In this post:
- I converted my 29 plus bike tires to tubeless
- I got a new camera and repurposed a phone holder to carry it in so I can take lots more pictures
- I have continued to fine tune my local homey epic loop, which is a process that I don’t think will ever end
I used my homemade bead seater blaster:
More on this beast in a future post. It makes easy work out of any tubeless conversion. My Mulefut 50SL / Panaracer Fat B Nimble 29×3.0 set up went well. This was motivated by my recent “Lake Dixon Flat Fest” documented here.
The new camera:
It’s a Panasonic that is waterproof and also impervious to dust, shocks, cosmic radiation, tactical nukes and solar flares. I think Ironman, the Hulk and Sasquatch all use it. And to access it easily I have added a shoulder strap pocket to my Camelbak, all in the name of better blogging:
It is from a company called Bikase, but it looks like they don’t make it anymore. It lets you easily unzip the pocket and use the camera. It is a little bigger than needed for my camera since it is made for the newer big smartphones. I have a smaller pocket on the way from Amazon. In the long run I may try the Peak Design quick release mount.
This is another iteration of a loop I have been doing a lot lately and tweaking:
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The ride goes along San Juan Creek in areas where it has not been tamed by the Army Corps of Engineers. Recent rains have caused the creek to meander a bit it seems.
Ironically, the area still shows the signs of a long term drought. Many local golf courses have reduced watering dramatically as can be seen here at the Arroyo Trabuco Golf Course, which was also along my route.
Further along I found a scenic overlook at a strategically placed bench as I departed Ladera Ranch and dropped into Sendero below.
The view gave me a look at the alternate route down, which I have taken before. Unfortunately the switchbacks at the bottom are paved and not much fun that way.
The view from here is the good, the bad and the ugly. I personally will benefit from the completion of La Pata road into this area. And there are plans for a riverbed trail up San Juan Creek which I would also appreciate. But the downside is more development, the pictures speak for themselves.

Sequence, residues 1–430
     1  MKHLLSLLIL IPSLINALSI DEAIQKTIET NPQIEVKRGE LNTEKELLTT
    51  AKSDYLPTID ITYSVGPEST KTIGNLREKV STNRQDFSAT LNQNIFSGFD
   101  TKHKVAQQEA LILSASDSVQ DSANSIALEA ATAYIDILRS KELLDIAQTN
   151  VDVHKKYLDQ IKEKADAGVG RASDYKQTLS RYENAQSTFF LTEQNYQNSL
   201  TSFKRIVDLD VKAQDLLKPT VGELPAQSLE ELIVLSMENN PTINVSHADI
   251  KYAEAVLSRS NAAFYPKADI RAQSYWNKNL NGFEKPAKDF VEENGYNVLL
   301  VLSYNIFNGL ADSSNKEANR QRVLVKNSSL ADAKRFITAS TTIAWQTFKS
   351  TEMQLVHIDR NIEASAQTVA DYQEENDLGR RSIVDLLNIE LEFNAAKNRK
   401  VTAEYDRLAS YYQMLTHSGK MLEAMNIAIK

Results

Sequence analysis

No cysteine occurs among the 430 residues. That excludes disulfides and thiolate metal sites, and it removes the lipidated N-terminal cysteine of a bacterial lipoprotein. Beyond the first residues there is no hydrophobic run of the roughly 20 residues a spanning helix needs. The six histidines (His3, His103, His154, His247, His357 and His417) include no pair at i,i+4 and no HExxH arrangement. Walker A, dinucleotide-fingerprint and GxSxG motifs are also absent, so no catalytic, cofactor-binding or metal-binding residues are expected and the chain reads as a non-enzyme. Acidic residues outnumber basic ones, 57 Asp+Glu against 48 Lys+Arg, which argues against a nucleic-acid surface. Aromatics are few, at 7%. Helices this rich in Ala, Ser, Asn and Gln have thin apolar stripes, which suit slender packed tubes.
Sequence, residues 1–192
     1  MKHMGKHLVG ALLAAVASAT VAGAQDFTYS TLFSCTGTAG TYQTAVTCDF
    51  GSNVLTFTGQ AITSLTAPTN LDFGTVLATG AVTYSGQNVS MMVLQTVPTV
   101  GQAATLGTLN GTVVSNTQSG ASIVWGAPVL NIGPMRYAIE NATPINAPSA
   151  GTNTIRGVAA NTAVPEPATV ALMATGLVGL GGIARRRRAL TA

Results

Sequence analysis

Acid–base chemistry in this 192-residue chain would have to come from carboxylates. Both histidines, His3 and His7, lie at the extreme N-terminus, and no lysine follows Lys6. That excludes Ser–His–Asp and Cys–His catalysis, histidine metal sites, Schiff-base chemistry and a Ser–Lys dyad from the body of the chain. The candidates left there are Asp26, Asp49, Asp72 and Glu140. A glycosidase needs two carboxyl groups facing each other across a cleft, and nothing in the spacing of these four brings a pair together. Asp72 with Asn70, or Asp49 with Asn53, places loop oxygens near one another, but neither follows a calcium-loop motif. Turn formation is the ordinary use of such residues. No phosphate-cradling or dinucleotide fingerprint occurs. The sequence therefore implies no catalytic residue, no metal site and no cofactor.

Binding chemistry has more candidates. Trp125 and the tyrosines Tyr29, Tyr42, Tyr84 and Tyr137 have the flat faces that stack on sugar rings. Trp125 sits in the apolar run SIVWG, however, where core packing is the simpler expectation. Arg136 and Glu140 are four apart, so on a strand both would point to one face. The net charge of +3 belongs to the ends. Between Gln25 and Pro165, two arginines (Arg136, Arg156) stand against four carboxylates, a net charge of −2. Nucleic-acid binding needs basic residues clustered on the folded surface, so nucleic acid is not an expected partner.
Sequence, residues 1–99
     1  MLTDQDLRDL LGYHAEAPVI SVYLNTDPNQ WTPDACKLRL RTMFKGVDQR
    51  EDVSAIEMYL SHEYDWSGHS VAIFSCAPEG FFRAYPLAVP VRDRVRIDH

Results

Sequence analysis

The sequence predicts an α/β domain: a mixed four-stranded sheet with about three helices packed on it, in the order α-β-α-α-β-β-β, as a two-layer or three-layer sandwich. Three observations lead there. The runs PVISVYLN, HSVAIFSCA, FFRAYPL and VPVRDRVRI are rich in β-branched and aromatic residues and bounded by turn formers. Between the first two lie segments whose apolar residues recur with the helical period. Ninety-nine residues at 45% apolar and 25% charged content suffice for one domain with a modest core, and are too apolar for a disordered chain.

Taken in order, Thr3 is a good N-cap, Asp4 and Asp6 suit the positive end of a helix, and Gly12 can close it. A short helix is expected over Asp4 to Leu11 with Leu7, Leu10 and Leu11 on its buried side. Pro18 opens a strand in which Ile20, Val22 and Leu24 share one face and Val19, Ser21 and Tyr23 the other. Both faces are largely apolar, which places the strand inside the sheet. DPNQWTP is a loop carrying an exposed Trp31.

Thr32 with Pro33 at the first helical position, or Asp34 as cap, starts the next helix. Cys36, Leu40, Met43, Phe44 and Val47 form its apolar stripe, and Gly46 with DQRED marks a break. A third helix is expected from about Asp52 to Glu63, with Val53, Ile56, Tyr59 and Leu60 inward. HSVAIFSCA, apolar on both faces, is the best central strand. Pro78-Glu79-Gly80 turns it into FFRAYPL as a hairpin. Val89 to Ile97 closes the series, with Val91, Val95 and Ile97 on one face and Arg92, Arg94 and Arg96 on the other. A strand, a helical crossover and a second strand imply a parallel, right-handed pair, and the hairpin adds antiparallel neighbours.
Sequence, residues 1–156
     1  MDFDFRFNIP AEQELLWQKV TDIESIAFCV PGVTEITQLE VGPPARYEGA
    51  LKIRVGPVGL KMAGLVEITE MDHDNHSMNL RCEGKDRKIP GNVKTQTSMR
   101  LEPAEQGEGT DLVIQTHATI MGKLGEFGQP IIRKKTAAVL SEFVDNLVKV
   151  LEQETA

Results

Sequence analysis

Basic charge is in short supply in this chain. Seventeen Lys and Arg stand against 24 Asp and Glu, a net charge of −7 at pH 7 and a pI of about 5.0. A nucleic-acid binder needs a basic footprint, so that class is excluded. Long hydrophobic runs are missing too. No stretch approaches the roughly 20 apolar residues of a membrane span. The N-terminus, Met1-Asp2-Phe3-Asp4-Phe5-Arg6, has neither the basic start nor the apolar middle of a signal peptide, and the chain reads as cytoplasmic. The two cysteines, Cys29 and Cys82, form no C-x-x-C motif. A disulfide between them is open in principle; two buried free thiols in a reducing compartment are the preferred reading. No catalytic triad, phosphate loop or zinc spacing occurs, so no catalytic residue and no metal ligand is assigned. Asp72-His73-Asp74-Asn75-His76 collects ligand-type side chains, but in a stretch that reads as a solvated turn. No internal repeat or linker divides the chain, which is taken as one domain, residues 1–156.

The descent I did choose was fun but could be more so. There are a handful of switchbacks that are set up just right, then the trail follows the direct route down. The switchback pattern should be continued all the way down the hill in my not so humble opinion. After the switchbacks I got going so fast that I could smell the aroma of burning brake pads. Switchbacks reduce erosion from run off and protect the trail and the hillside, so long as riders do not use the “lock up the rear wheel and slide” technique of negotiating them.
A day of riding wilderness trails through suburbia makes for interesting contrasts. While riding along a rugged overgrown creek bed you can turn a corner and find yourself entering a manicured neighborhood feeling oddly out of place. The comfortable safe streets that are so relaxing to return to after a day at work suddenly look strange, as though they were but a thin veneer over the earth, which I suppose they are. Near the end of the ride I was able to look back at the cliffs along San Juan Creek and realize they were formed by the creek eating away at the hills, just as I saw signs of earlier that day, albeit on a much larger scale. Suburbia is sprawling all around it, meaning that someday the banks of San Juan Creek will need to be turned into concrete to protect the homes and businesses along its banks. I am glad to experience it now as gravel, dirt, trees and trails while I still can.